A Dark Day for Quality Broadcasting
Earlier today, culture secretary Ben Bradshaw outlined plans to share part of the TV licence fee with ITV – a proposal that couldn’t be any more shambolic if it tried.
ITV is supposed to be an independently funded broadcaster. As such, it is supposed to deal with any funding shortfalls via its own means – and that includes the £5.7 million fine incurred from the phone-in scandals.
It doesn’t help that the BBC is still in a somewhat vulnerable position after the non-stop harassment of the Daily Mail – a.k.a. Sachsgate – when the choice daily paper of right-wing nutjobs blew everything out of proportion. They launched a tirade against the corporation and the licence fee, claiming moral outrage, and felt smug as they watched the media circus come to town. As a result, anything the BBC does now comes under rigorous scrutiny.
The plans outlined stated that any funding taken from the licence fee would be spent on public service broadcasting, the result being that ITV Local News could see itself handed £130m from the BBC’s budget. Success, it seems, for the Mail’s campaign.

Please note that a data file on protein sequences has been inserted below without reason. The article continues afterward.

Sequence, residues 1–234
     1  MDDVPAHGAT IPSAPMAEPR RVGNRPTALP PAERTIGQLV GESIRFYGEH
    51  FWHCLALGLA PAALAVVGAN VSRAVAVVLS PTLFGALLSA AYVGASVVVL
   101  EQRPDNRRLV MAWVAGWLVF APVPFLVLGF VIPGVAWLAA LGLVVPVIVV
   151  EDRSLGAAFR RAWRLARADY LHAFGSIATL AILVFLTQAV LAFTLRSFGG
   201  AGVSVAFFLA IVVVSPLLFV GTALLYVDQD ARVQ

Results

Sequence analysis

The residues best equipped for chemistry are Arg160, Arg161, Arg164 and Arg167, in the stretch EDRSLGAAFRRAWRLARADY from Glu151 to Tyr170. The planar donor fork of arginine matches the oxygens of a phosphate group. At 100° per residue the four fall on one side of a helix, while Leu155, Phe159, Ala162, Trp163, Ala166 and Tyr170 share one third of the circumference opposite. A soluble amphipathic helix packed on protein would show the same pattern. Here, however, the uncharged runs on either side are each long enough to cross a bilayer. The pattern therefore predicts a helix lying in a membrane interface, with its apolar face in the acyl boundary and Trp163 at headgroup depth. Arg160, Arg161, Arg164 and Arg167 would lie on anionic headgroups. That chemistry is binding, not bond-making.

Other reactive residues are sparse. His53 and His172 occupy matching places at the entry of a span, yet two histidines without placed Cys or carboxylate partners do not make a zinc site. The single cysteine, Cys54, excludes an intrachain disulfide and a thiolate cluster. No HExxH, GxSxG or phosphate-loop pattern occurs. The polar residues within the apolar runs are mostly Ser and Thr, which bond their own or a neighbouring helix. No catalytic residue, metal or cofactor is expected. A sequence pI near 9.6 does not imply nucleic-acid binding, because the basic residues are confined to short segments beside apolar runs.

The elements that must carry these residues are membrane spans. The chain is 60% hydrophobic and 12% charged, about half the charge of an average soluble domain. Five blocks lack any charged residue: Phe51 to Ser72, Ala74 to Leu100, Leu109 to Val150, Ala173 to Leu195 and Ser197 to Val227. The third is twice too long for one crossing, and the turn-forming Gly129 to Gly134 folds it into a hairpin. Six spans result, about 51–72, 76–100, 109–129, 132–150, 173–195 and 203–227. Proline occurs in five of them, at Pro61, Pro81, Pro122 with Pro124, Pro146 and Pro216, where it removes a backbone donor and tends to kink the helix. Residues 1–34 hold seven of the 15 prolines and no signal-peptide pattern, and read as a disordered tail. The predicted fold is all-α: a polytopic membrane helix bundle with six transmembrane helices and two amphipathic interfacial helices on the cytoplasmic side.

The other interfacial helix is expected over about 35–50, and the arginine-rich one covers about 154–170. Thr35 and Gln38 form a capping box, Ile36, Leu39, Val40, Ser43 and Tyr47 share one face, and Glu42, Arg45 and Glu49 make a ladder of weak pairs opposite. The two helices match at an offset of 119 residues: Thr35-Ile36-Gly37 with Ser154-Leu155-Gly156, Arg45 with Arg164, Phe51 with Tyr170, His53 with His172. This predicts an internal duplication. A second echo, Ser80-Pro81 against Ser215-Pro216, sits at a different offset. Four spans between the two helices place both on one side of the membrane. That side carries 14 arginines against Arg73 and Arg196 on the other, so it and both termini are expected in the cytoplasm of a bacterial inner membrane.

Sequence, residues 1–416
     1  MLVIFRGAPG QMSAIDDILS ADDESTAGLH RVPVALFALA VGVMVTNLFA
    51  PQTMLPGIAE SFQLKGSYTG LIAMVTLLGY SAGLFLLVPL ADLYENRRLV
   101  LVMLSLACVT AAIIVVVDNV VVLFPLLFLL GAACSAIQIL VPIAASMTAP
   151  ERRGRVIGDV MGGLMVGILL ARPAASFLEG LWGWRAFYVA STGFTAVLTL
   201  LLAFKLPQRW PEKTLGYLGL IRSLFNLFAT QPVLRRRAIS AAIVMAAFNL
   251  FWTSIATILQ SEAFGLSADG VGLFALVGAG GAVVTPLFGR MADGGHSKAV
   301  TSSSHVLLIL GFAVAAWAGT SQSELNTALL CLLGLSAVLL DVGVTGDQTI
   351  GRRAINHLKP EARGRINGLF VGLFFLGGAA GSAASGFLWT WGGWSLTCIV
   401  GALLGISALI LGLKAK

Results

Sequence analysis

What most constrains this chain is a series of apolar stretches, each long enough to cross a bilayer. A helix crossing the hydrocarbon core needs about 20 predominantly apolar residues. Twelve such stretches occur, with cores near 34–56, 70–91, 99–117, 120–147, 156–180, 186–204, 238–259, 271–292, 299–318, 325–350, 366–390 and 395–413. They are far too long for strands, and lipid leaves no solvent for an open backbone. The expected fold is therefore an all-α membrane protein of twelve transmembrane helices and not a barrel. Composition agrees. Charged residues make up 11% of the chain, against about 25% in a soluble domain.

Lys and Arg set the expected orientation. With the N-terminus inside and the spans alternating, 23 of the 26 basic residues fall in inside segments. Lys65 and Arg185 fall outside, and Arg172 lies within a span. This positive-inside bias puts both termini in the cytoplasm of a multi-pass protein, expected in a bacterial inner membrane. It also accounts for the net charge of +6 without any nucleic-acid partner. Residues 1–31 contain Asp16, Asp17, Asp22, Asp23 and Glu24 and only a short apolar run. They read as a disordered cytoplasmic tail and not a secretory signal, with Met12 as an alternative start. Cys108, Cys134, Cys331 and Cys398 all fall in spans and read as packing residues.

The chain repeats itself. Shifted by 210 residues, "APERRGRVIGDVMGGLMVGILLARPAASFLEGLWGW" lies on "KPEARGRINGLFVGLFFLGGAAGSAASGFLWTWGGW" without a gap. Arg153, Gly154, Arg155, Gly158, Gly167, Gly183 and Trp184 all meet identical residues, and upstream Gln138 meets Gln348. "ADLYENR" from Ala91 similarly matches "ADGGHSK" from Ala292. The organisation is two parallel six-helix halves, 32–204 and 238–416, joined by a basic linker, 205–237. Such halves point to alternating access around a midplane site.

Except it’s actually a much bigger victory than you might think. All of ITV’s news output is provided by ITN, which is privately owned. Whilst ITV hold the largest share, the Daily Mail themselves own a 20% stake, and would actually benefit if the plans went ahead.
Now let me make this clear – I’m an avid supporter of the TV Licence fee. The BBC is a unique institution that this country is privileged to have, in that it provides creative content without fear of having to keep shareholders happy. It can actually take risks on daring shows that might not necessarily work without fear of losing advertising revenue. Things such as Blue Planet, State of Play and The Office, all of which are almost unanimously loved, but could never have been commissioned by another broadcaster.
For an independent network whose output consists almost solely of reality shows and talent contests to be given a massive amount of public service funding to help cover the cost of its own mistakes would be utterly outrageous, especially given the agenda of those involved.
If the proposals go ahead, then quality broadcasting faces a very dark future indeed.